Second, I'm a little bit disappointed that the authors weren't more forthright in how the results weren't statistically significant on any and all measures included for study. I say this on the basis of both the commercial take on the results (see here) and also sentences like: "The two groups demonstrating the most robust response to KPAX002 were subjects with more severe ME/CFS symptoms at baseline (P=0.086) and subjects suffering from both fatigue and pain (P=0.057)." Both those p-values (p being a measure of statistical significance) are above the [currently] recognised threshold for p equal to or less than 0.05, yet are listed as a 'robust response'. Even more, throughout the paper I note the words 'trend in favor of' being used, which some people might translate as being 'well, they were nearly statistically significant results'. I say this also bearing in mind that the final participant numbers - KPAX002 use = 48 and placebo = 57 - are not exactly facets of what one would call an under-powered study. I'm probably being a nit-picker here but like it or not, the [current] rules of science are the [current] rules of science.

Finally, once again, I note that under the heading 'Disclosure of conflict of interest', the word 'none' appears as per the last research occasion [2]. Personally, and with no malice intended, I would have listed the detail that at least one of the authors is an employee of the manufacturer of KPXA002 given the affiliation details and email address for further correspondence provided on the paper. Again, it's a small detail but one that should nevertheless be acknowledged. I would have also like to have seen a little more on who funded the trial too and especially who funded the provision of the KPAX002 supplement for trial purposes. I reiterate that there is no malice is intended in saying that, but readers require such details.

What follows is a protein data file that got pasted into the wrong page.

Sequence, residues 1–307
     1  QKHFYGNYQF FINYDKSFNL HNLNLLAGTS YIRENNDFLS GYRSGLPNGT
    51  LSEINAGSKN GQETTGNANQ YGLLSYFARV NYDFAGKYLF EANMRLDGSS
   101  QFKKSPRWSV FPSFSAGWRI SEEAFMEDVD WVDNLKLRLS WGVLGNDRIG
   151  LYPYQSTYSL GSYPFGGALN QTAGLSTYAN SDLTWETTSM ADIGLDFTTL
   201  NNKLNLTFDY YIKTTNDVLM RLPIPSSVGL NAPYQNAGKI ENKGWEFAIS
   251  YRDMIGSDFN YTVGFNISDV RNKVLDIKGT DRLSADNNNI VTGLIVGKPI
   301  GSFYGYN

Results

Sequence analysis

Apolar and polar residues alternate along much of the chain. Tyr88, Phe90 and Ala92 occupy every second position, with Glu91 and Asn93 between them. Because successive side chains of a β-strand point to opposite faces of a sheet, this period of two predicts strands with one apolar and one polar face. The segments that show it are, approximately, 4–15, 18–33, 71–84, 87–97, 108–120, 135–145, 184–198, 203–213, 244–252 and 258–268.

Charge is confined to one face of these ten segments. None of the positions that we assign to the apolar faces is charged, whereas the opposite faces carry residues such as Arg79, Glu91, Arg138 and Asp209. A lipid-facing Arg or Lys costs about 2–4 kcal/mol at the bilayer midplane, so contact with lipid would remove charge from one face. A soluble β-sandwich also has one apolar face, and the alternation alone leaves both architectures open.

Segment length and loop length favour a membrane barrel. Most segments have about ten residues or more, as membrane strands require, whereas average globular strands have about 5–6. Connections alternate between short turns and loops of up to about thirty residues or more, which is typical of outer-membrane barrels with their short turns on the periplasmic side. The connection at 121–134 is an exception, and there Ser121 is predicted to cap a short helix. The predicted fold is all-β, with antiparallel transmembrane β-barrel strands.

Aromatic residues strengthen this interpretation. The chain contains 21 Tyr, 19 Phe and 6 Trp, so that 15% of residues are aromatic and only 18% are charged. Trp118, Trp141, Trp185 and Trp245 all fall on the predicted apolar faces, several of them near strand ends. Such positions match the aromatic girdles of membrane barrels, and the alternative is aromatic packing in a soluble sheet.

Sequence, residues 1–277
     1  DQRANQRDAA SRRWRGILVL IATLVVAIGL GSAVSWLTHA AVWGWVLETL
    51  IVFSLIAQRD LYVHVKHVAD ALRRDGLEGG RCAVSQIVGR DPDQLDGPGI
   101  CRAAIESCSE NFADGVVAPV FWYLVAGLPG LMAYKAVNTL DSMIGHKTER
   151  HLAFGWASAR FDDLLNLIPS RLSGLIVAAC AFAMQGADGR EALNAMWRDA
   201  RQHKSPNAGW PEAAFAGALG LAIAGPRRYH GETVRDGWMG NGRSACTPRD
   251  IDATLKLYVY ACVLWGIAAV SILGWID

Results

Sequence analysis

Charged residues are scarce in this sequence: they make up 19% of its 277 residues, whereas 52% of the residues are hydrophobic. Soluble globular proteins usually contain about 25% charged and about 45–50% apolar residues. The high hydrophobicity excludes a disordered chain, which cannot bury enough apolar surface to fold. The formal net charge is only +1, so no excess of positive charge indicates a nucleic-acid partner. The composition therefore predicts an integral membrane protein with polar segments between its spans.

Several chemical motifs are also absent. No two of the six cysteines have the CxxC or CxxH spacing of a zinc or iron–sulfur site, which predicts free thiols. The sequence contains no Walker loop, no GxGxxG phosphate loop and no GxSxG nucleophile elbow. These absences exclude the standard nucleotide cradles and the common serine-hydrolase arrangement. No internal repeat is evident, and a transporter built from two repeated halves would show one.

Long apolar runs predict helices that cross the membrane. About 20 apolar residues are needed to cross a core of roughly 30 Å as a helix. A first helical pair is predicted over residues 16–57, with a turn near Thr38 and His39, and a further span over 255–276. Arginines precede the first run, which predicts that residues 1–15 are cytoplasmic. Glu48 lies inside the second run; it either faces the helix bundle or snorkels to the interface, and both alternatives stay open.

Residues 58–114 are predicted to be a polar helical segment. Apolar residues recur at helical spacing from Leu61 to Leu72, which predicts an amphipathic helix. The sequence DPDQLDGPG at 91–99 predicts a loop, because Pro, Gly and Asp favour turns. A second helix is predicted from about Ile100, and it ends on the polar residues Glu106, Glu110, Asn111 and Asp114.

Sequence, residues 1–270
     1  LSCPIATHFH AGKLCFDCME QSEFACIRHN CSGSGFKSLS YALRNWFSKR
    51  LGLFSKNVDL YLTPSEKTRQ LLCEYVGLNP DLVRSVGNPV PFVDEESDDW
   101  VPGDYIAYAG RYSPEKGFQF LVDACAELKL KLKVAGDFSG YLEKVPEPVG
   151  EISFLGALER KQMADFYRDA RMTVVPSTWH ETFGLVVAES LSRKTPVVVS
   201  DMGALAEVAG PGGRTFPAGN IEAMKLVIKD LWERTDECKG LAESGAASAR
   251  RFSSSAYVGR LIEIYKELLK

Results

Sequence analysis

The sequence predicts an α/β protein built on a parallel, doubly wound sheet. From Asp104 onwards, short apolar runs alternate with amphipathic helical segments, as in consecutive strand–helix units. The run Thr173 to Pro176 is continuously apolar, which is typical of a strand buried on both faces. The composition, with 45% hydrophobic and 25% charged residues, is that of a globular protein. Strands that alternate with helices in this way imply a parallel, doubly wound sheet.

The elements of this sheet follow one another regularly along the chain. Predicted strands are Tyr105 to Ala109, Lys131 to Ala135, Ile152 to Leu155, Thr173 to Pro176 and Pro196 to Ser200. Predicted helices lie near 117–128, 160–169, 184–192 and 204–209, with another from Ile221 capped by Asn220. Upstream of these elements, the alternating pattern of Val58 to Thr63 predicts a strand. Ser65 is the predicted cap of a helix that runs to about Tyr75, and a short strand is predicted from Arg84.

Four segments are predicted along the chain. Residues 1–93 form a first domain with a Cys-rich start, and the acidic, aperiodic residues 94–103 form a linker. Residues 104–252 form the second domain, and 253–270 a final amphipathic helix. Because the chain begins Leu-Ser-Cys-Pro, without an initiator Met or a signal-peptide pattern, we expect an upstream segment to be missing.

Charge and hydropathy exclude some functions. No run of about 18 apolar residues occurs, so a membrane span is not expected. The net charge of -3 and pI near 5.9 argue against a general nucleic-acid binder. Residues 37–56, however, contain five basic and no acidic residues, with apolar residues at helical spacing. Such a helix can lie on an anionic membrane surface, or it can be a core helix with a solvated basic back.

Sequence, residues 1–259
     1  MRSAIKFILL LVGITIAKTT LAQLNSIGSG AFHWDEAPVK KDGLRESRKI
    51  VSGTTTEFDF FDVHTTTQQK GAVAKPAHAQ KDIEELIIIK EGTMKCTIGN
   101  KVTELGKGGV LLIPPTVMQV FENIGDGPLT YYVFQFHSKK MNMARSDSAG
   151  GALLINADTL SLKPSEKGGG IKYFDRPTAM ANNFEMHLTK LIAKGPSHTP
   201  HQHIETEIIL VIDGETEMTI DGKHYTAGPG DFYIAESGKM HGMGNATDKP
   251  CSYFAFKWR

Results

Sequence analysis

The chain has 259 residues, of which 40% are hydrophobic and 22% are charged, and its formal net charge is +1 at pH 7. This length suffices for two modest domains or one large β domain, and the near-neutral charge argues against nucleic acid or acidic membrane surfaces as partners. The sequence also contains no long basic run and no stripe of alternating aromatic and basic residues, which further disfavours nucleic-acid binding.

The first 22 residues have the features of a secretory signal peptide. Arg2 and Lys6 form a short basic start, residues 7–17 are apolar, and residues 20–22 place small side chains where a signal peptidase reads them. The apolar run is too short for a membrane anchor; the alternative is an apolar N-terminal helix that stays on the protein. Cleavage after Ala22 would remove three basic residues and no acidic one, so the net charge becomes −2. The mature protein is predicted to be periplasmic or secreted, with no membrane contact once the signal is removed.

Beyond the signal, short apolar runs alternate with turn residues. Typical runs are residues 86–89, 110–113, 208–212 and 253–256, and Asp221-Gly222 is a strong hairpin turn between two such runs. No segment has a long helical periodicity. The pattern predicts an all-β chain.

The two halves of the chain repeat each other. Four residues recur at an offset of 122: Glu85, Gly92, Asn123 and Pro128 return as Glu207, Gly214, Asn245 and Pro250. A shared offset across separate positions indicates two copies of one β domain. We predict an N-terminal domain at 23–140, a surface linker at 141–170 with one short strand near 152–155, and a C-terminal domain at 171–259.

I don't want to come down too hard on these results because it's obvious that quite a bit of work has gone into their production. I'm also not closing the door on the idea that future research with a more targeted group with ME/CFS might not produce something a little more statistically significant with regards to KPAX002. But for now, the answer must be that controlled study of the formulation did not meet clinical endpoints in a statistical sense, and hence KPAX002 cannot be said to be superior to placebo for CFS/ME. With all the setbacks that the label(s) ME/CFS has had to endure down the years with regards to the 'psychobabble' explanations (see here) and other 'eureka' moments (see here), the Montoya findings are bad news for patients yet again. But, they also should represent a further call to re-double research efforts; particularly when it comes to the biology of the condition(s) and onward the acceleration of research for interventions for this quality of life draining condition (see here).

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[1] Montoya JG. et al. KPAX002 as a treatment for Myalgic Encephalomyelitis/Chronic Fatigue Syndrome (ME/CFS): a prospective, randomized trial. Int J Clin Exp Med 2018;11(3):2890-2900

[2] Kaiser JD. A prospective, proof-of-concept investigation of KPAX002 in chronic fatigue syndrome. Int J Clin Exp Med. 2015 Jul 15;8(7):11064-74.

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Wednesday, 16 May 2018

The headline: "One in nine young people in Scotland have attempted suicide"

I have to say that I drew a sharp intake of breath when I read the media headline titling this post - "One in nine young people in Scotland have attempted suicide" - based on the findings reported by Rory O'Connor and colleagues [1]. The idea that, from a sample of some 3500 young people in Scotland, some 10% and 15% of respondents to the questions: "Have you ever made an attempt to take your life, by taking an overdose of tablets or in some other way?’ and ‘Have you ever deliberately harmed yourself in any way but not with the intention of killing yourself? (i.e. self-harm)" answered in the affirmative, seemed pretty important. Not least with the question 'why?' in mind.

OK, media headlines aside, the O'Connor findings require some dissection. The reasoning behind studying this issue was not only to look at the very complicated topic of suicide in a part of the UK (Scotland) that authors write "has a higher suicide rate than England", but also to try and understand how non-suicidal self-injury (NSSI) or non-suicidal self-harm (NSSH) presents in young adults and whether there is something important linking NSSH and suicidal thoughts and/or attempts.